Re K and H (Children: unrepresented father: cross-examination of child [2015] EWFC 1 is an important family court decision.  His Honour Judge Bellamy (sitting as a Deputy High Court Judge) has held that Her Majesty's Courts and Tribunals Service (HMCTS) must pay for a father's legal representation given that the father is alleged to have sexually abused his daughter referred to as Y.  There is a need in the case to establish - as a question of fact -whether the allegations against the father are proved.  In order to do that Y must give evidence and be cross-examined and it is in relation to the cross-examination that the father requires legal representation.  It should be noted that the father does not actually seek to cross-examine Y himself but has sought and been denied legal representation to do so.  This judgment merits careful reading in full.

Saturday, 3 January 2015

Happy New Year 2015

Here's wishing all readers a very Happy New Year 2015.  As 2014 petered out I could not help but think that the year saw the continuation of the relentless attack by the elected government on access to justice for the average citizen. The severe cuts to legal aid brought about by the Legal Aid, Sentencing and Punishment of Offenders Act 2012 Part 1 came fully into force from 1st April 2013 but the cuts really began to be felt in 2014 with many courts having to deal with numerous litigants-in-person who, quite understandably, have little or no knowledge of law or the processes of the court.  "The State" is, of course, always adequately represented.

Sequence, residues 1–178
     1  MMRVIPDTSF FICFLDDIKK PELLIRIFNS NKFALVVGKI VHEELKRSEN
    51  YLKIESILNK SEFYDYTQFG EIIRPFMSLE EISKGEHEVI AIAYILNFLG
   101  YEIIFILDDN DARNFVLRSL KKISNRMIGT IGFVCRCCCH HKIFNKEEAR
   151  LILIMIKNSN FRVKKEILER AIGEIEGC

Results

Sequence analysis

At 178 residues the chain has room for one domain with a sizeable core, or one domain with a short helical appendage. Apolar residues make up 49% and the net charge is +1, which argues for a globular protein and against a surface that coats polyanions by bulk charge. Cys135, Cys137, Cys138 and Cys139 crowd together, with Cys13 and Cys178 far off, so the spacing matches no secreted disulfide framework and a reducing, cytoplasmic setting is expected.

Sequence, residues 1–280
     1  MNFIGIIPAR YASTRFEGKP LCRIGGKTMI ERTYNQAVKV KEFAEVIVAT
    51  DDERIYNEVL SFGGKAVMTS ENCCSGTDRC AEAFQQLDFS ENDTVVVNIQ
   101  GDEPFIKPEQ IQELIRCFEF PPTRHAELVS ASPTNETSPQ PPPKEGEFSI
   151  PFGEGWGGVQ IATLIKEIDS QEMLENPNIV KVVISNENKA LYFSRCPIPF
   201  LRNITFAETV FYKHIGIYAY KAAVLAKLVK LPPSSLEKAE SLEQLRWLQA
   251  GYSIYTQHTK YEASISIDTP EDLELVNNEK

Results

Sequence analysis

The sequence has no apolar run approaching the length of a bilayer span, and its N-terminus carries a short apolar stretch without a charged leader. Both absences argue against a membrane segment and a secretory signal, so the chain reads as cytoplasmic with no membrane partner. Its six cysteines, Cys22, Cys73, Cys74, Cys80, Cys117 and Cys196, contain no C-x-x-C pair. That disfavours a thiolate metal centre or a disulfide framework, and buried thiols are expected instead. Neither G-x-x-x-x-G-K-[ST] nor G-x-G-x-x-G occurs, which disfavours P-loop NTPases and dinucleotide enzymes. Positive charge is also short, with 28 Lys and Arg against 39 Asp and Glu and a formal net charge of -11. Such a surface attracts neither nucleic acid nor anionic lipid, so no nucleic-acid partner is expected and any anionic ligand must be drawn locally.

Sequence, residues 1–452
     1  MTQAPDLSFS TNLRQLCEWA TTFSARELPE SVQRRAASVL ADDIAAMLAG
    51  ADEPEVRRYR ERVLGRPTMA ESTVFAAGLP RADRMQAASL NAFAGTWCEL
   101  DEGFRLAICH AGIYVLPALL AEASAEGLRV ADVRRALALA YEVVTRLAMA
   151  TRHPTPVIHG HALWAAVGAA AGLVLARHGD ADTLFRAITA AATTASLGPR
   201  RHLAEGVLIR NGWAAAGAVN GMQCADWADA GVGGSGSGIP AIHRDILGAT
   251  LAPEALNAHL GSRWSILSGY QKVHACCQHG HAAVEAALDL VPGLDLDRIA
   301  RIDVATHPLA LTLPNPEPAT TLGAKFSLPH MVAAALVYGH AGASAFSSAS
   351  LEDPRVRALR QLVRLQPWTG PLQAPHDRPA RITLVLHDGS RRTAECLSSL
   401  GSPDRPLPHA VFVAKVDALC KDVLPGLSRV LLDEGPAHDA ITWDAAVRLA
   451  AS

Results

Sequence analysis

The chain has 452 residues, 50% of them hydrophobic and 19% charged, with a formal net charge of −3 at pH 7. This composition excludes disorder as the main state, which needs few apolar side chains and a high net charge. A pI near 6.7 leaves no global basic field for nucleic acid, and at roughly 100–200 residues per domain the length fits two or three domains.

The government also sought - and continues to seek - restrictions on judicial review which is a last resort but absolutely vital method of ensuring that government and other public bodies operate in a lawful manner.  On these topics please see The Justice Gap 1st January - Democracy, Legal Aid and the Election.   As for the future, the nation's relationship with the European Convention on Human Rights is also under threat at least from the Conservative Party.  Here is my view of the Conservative proposals with links to many other views.

A while ago,

Tuesday, 30 December 2014

Debbie Purdy - RIP

The death of Debbie Purdy (1963-2014) has been anounced. Her wikipedia entry is here.

The very last judgment of the House of Lords was in R (Purdy) v Director of Public Prosecutions [2009] UKHL 45; [2009] EWCA Civ 92.  In October 2009, The Supreme Court replaced the Appellate Committee of the House of Lords as the highest court in the United Kingdom.

In Mrs Purdy's case,

Monday, 29 December 2014

Riding to Hounds ~ the Hunting Act 2004

The various Hunts came out on Boxing Day - BBC 26th December.  Twitter came alive with comments that, if they have a majority after the 2015 general election, the Conservative Party would, at some stage, allow a free vote on whether the Hunting Act 2004 should be repealed.

The Act does not prevent hunting other that of wild animals with dogs and even that is lawful if carried out in accordance with the conditions of an exemption.  Section 1 makes it an offence for a person to hunt a wild mammal with a dog unless the hunting is exempt. 

Wednesday, 24 December 2014

Christmas 2014